Patent Hawk lectures on Mayer's bad basic geometry "Nominally, a point, or coordinate, in three dimensional space requires three numbers (x,y,z).", and needs to attend basic math himself.
3 dimensions -> Point = (x,y,z)
2 dimensions -> Point = (x,y)
1 dimension -> Point = (x)
Judge Mayer is correct. Scalar values ARE an indication of Coordinate in the ordinary meaning of one dimensional geometry.


"...or any other suitable indicators of location that define a particular path" - Doesn't a linear coordinate indicate a particular path? If I'm moving in a straight line (one dimension), 15 meters does define a coordinate and given my position defines a particular path of a certain length.

Posted by: Basicly at January 11, 2009 7:19 AM

Basicly,

Patents are practical technical/legal documents, not tomes of abstraction. Context is paramount in claim construction. In other words, reality counts.

There was no instance or applicability of one-dimensional coordinates with regard to this patent, no point on a line. They just didn't think of scalar values, and that is apparent by lack of mention. As I wrote, a single sentence would have defined coordinate to include scalar values.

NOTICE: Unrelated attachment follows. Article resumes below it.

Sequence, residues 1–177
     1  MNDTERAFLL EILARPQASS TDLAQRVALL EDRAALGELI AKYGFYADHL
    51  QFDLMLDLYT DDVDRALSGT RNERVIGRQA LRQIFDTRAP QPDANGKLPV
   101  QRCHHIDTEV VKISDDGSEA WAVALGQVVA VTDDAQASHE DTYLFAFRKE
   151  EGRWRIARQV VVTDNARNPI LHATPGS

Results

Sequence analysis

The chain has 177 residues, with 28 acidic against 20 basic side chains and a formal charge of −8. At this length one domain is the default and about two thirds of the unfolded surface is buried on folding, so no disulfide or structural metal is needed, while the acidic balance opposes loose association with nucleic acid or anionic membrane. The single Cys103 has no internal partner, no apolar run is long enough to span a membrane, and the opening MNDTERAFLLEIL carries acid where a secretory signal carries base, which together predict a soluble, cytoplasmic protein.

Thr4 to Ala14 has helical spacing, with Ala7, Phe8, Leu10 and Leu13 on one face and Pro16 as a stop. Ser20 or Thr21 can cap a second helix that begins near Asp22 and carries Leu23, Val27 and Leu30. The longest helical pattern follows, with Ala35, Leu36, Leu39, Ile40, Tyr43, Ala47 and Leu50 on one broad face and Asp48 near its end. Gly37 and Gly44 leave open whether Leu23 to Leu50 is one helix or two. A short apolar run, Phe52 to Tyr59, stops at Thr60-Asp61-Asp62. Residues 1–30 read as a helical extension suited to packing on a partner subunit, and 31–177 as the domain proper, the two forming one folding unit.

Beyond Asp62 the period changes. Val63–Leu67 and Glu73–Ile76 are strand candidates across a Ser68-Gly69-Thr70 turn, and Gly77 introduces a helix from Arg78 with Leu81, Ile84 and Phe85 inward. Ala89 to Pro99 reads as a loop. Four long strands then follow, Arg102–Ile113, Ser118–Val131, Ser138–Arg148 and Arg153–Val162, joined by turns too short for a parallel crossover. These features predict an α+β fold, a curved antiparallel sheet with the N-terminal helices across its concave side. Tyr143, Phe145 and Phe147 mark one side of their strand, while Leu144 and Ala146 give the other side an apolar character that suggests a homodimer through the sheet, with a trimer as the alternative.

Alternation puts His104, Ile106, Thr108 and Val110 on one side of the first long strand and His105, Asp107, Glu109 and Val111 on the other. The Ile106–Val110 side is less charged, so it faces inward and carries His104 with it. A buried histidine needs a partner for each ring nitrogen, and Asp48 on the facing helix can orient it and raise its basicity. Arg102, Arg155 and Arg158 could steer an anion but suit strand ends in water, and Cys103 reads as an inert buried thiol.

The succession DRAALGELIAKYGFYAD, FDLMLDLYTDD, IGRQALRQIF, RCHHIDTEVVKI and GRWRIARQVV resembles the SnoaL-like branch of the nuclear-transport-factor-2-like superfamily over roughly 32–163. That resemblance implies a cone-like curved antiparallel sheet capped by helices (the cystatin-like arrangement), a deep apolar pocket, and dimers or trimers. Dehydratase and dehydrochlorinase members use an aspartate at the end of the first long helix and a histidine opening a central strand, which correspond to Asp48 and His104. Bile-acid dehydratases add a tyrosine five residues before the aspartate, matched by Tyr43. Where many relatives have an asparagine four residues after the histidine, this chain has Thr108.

Patentees should not received patent protection for something they didn't think of. And there was no argument over equivalence in this case.

Posted by: Patent Hawk at January 11, 2009 10:48 AM

Perhaps then, Patent Hawk, if you wish to avoid tomes of abstraction, you should refrain from making arguments to the effect that a judge needs basic geometry lessons.

But also perhaps you are wrong (as well) in regards to the instance or applicability of a one dimensional coordinate. The quote from my previous post is taken directly from the specification:
"...or any other suitable indicators of location that define a particular path".

"ANY other" has a pretty broad applicability.

To the question of where is the end of my nose, the answer (a scalar) 1 and 1/4 inches seems like an ordinary response.